Day 1: Schools open today in Miami-Dade and Broward counties. Miami HeraldWSVN. Superintendent Lori White begins her final year when Sarasota County schools open today. White is retiring in February. Sarasota Herald-Tribune.

Teacher conduct: Administrators at St. Andrews School in Boca Raton are criticized in a report for doing nothing while a teacher had late-night meetings with students and even sleepovers. The report, commissioned by the Episcopal school, was released to parents. School officials have pledged to overhaul their policies. The teacher has not been charged with a crime, but is no longer employed by the school. Palm Beach Post. Sun-Sentinel. Associated Press. Continue Reading →


Florida schools roundup: Retention lawsuit, Zika uniforms and more

florida-roundup-logoRetention lawsuit: Education Commissioner Pam Stewart is asking a federal judge to take over the lawsuit filed against the Department of Education’s policies on retention of third-graders who do poorly on the Florida Standards Assessments reading test or opt out of it. The state made the request after the state judge presiding in the case said it troubled her that children were being held back after opting out. U.S. District Judge Mark Walker is holding an emergency hearing today on the request. Associated Press. News Service of FloridaPolitico Florida. Opting out of state testing is gaining popularity, but St. Johns County school officials say it’s not an option for their students. Those who choose not to take the tests must have a good cause exemption or take an approved assessment alternative. St. Augustine Record.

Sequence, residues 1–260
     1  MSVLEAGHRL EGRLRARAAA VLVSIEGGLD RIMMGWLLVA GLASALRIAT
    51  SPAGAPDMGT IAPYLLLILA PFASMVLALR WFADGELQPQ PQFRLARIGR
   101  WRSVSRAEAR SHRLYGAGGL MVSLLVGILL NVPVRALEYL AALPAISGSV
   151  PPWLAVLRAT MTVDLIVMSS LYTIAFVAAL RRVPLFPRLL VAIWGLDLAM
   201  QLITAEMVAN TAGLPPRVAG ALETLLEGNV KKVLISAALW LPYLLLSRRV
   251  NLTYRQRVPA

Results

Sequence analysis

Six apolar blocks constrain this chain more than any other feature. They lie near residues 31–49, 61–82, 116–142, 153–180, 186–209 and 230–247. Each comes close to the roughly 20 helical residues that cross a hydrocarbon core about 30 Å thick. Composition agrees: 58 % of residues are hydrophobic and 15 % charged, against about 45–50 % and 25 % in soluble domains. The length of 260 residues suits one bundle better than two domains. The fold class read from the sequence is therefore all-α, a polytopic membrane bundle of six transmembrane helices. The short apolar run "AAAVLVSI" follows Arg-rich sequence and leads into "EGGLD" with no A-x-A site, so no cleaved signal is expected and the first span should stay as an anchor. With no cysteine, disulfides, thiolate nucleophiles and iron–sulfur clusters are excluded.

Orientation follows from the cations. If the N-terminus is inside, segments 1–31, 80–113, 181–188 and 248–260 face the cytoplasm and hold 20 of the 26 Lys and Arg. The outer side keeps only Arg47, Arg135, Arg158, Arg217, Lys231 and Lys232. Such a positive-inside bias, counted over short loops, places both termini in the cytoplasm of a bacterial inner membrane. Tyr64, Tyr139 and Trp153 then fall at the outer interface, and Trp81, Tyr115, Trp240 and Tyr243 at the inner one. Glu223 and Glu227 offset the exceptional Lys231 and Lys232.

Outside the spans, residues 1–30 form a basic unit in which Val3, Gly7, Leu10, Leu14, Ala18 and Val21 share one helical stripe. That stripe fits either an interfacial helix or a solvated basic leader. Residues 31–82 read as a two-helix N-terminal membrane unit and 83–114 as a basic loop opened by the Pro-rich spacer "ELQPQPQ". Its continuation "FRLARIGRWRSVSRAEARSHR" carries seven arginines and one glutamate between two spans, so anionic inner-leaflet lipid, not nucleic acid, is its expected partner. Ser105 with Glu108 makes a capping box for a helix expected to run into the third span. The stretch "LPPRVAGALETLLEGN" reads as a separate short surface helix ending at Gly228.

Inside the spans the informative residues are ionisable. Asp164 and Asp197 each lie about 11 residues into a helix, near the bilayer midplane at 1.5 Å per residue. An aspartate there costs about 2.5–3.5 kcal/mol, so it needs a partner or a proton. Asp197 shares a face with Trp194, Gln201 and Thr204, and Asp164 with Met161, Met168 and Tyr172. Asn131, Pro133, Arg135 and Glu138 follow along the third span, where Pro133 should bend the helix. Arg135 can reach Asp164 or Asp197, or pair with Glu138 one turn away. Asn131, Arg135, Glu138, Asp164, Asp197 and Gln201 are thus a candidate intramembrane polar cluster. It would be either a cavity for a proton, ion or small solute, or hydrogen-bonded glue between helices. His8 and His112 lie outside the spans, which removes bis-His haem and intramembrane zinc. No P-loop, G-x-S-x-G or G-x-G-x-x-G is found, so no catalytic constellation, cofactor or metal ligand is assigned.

Zika uniforms: Zika virus “uniforms” are being handed out to students who attend any of the six schools in or just outside the affected area of Miami. The free uniforms consist of two long-sleeved white shirts and two pairs of khaki pants. The Florida Department of Health is also handing out insect repellent and tips on preventing mosquito bites. Miami Herald.

Contract agreement: The Lake County School Board and the teachers union reach a tentative agreement on a one-year contract. Teachers will receive raises of $1,500 to $2,000, and starting pay will be pushed to $40,000 a year. Daily Commercial. Continue Reading →


School choice critic says drop the suit, but there’s a catch

It’s time to take the fight over the nation’s largest private school choice program out of the courts and into the policy arena.